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St Catherine’s $63m redevelopment plans proceed to NSW Planning assessment stage
- WENTWORTH COURIER
- JULY 08, 2015
ST CATHERINE’S School, Waverley, has declined an opportunity to include more on-site car parking spaces or to install a pick up/drop off zone in its controversial $63 million redevelopment.
Instead, the school has pushed ahead with the assessment process now controlled by NSW Planning, hoping several other concessions to its original plan will get it over the line.
In a report submitted to NSW Planning, St Catherine’s concessions include:
• The school would tweak the timetabling of events at the planned aquatic centre to encourage distribution of student arrival and departure times on campus;
• Staggered finish times for students in different school years would also be introduced;
• A range of behavioural and travel strategies, including carpooling and subsidised public transport for staff, would be introduced to reduce the use of private cars.
St Catherine’s plans to construct an aquatic centre and a 500-seat theatre as part of a staged redevelopment of its Albion St campus.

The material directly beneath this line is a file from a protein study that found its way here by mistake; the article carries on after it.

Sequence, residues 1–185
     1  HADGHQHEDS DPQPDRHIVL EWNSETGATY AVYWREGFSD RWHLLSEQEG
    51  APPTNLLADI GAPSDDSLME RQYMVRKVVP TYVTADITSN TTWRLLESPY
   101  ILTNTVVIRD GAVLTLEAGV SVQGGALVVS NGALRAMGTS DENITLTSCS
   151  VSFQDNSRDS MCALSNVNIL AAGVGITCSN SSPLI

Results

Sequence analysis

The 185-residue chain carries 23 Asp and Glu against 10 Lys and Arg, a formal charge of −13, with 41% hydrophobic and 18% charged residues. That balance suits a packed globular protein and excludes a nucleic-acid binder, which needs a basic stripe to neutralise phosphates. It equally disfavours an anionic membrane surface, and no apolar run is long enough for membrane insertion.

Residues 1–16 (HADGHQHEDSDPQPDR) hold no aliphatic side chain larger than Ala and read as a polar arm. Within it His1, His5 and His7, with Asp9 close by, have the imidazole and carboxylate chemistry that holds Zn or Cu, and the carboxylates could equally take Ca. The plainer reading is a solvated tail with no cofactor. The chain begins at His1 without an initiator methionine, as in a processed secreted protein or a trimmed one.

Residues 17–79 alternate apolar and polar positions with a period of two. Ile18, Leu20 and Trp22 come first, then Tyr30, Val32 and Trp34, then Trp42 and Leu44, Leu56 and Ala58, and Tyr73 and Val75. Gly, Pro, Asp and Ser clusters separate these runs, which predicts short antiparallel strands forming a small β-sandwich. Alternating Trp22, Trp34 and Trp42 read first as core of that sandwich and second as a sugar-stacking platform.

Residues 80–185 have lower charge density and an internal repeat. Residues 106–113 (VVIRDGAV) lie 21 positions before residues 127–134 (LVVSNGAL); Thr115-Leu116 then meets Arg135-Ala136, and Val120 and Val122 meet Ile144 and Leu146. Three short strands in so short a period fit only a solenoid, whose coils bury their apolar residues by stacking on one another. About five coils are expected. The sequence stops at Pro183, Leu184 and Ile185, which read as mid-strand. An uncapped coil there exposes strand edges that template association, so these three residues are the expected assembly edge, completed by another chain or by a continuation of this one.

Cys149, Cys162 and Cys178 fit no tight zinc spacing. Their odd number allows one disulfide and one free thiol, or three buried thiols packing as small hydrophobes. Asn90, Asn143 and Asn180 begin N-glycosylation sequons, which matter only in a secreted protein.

Aspects of the redevelopment, including its effect on traffic flow, bus services and on-street parking, are opposed by Waverley Council, Randwick City Council, Roads and Maritime Services and Transport for NSW, as well as local residents.
The school was given the opportunity to address concerns raised during the submission process, including Waverley Council’s suggestion more than 200 additional car spaces be added.
“St Catherine’s has reluctantly agreed to delete external events in the performing arts auditorium,” the report read.
Spokeswoman for the group Oppose St Catherine’s Expansion Cathy Davitt said she was disappointed by the school’s response.
“The report contains a lot of ifs and no substantial changes,” Ms Davitt said.
“There are no checks and balances in place and that’s the major issue.”
NSW private schools are diverting hundreds of millions of dollars in government funding into capital projects to build luxurious facilities including aquatic centres and performing arts centres instead of lowering fees, according to the Greens.